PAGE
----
Syngenta continues to defend the safety of Atrazine when it's used responsibly.  U.S. farmers like Jamie Jamison, who appreciates the fewer weeds and bigger harvests, plan to continue using it.

You May Like

Video One Year After Thai Coup, No End in Sight for Military Rule

Since carrying out the May 22, 2014 coup, the general has retired from the military but is still firmly in charge More

Goodbye, New York

This is what the fastest-growing big cities in America have in common More

Job-Seeking Bangladeshis Risk Lives to Find Work

The number of Bangladeshi migrants on smugglers’ boats bound for Southeast Asian countries has soared in the past two years More

Featured Videos

Your JavaScript is turned off or you have an old version of Adobe's Flash Player. Get the latest Flash player.
Turkey's Main Opposition Party Hopes for Election Breakthroughi
X
May 22, 2015 10:23 AM
Turkey’s main opposition Republican People’s Party has sought an image change ahead of the June 7 general election. The move comes after suffering successive defeats at the hands of the Islamist-rooted AK Party, which has portrayed it as hostile to religion. Dorian Jones reports from the western city of Izmir.
Video

Video Turkey's Main Opposition Party Hopes for Election Breakthrough

Turkey’s main opposition Republican People’s Party has sought an image change ahead of the June 7 general election. The move comes after suffering successive defeats at the hands of the Islamist-rooted AK Party, which has portrayed it as hostile to religion. Dorian Jones reports from the western city of Izmir.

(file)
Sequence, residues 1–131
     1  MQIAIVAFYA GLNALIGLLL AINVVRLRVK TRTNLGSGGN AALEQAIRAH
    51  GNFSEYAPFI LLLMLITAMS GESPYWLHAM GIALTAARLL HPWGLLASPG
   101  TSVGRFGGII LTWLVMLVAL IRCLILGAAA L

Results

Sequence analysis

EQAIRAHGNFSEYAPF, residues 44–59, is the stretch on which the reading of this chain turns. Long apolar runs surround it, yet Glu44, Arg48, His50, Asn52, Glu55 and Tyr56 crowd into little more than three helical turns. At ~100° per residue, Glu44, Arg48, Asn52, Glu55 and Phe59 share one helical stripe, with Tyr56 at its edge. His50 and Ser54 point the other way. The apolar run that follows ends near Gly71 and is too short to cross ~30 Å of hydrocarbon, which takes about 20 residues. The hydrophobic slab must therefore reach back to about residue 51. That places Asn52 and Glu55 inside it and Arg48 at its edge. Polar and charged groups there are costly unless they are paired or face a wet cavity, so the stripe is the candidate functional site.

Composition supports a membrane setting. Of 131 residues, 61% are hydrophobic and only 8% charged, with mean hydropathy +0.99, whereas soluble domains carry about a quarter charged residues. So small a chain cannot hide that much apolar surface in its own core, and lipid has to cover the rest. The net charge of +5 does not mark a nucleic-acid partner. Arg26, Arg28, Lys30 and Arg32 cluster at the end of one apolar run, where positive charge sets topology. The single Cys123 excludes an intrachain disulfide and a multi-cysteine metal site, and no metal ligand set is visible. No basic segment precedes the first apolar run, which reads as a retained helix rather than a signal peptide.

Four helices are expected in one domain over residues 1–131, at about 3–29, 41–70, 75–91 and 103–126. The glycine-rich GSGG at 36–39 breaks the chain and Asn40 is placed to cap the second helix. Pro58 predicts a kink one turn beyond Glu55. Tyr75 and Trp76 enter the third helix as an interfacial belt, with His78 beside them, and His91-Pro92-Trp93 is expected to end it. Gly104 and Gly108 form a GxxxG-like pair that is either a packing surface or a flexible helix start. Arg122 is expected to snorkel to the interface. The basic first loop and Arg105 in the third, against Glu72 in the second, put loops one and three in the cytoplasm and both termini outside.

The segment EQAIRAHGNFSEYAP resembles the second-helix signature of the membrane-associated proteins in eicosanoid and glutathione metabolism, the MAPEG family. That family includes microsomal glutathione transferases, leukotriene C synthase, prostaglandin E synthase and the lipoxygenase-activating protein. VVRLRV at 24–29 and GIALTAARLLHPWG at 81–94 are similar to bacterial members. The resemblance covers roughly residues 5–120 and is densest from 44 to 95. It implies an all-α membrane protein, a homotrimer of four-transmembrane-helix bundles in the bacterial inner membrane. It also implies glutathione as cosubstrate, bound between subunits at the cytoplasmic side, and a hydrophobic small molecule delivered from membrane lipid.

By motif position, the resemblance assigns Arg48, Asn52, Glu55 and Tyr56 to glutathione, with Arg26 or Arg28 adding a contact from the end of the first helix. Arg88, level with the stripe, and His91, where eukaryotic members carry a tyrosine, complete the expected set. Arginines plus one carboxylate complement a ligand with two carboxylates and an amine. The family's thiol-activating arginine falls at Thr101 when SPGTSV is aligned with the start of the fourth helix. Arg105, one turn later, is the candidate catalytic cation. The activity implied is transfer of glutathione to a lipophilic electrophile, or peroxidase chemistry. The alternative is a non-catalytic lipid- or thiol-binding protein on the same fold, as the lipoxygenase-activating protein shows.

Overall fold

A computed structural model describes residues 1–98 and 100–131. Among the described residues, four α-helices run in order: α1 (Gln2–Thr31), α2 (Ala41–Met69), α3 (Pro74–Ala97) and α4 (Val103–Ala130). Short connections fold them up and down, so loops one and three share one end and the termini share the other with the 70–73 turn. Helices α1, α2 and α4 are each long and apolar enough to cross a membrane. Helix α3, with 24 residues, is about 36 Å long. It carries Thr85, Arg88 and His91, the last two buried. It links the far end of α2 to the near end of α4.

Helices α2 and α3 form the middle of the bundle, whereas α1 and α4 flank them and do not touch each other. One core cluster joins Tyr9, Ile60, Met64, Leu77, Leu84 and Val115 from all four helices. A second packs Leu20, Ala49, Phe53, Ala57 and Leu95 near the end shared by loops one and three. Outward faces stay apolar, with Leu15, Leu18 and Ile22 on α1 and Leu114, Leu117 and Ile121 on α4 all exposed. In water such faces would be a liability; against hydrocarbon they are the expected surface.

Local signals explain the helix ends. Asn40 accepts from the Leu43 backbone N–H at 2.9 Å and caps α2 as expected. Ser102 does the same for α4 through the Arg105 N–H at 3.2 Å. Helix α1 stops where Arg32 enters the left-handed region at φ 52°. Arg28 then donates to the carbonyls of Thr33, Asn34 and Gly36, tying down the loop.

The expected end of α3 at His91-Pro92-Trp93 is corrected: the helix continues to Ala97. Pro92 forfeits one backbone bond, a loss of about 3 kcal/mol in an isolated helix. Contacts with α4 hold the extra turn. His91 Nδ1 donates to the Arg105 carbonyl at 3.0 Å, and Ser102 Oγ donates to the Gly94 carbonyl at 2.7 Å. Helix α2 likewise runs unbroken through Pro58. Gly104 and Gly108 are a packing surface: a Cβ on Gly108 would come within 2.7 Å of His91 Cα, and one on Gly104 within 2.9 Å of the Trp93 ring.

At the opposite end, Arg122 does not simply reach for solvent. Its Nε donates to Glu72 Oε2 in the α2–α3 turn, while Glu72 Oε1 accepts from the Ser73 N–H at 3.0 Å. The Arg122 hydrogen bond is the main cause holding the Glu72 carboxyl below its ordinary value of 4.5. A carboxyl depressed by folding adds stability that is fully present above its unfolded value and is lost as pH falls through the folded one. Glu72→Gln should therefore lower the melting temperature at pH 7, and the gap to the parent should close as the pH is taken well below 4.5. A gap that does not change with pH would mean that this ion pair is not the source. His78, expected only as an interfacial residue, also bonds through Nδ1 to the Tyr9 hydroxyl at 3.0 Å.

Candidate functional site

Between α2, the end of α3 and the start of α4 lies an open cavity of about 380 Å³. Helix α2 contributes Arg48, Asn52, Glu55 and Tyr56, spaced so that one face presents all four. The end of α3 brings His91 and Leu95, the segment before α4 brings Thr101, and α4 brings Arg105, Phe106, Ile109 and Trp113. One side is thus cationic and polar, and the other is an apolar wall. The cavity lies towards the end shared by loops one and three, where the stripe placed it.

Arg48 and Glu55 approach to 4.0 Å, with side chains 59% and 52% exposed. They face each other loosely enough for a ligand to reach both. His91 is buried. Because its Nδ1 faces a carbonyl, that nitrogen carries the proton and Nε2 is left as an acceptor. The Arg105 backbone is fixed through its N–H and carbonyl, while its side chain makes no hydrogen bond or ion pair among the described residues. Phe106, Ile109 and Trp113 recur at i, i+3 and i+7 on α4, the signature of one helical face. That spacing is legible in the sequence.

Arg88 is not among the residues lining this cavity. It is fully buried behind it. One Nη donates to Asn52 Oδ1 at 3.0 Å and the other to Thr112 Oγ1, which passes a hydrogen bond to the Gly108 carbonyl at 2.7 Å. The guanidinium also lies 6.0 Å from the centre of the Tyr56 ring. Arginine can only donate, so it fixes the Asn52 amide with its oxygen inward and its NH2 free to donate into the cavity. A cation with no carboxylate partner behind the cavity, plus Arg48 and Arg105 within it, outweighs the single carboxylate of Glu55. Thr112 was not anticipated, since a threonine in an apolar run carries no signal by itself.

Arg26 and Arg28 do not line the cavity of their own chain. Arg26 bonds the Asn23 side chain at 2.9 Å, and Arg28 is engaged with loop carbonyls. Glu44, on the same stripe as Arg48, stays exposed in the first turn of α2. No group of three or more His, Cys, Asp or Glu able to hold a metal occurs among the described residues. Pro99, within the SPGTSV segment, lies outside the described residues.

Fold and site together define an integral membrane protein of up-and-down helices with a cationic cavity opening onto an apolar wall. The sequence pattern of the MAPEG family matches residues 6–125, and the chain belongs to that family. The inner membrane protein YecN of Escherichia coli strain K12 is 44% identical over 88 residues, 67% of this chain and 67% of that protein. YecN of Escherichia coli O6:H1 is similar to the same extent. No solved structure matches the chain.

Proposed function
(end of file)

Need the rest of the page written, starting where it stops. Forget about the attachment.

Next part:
Video

Video Europe Follows US Lead in Tackling ‘Conflict Minerals’

Metals mined from conflict zones in places like the Democratic Republic of Congo are often sold by warlords to buy weapons. This week European lawmakers voted to force manufacturers to prove that their supply chains are not inadvertently fueling conflicts and human rights abuses. Henry Ridgwell reports from London.
Video

Video Class Tackles Questions of Race, Discrimination

Unrest in some U.S. cities is more than just a trending news item at Ladue Middle School in St. Louis, Missouri. As VOA’s Kane Farabaugh reports, it’s a focus of a multicultural studies class engaging students in wide-ranging discussions about racial tensions and police aggression.
Video

Video Mind-Controlled Prosthetics Are Getting Closer

Scientists and engineers are making substantial advances towards the ultimate goal in prosthetics – creation of limbs that can be controlled by the wearer’s mind. Thanks to sophisticated sensors capable of picking up the brain’s signals, an amputee in Iceland is literally bringing us one step closer to that goal. VOA’s George Putic reports.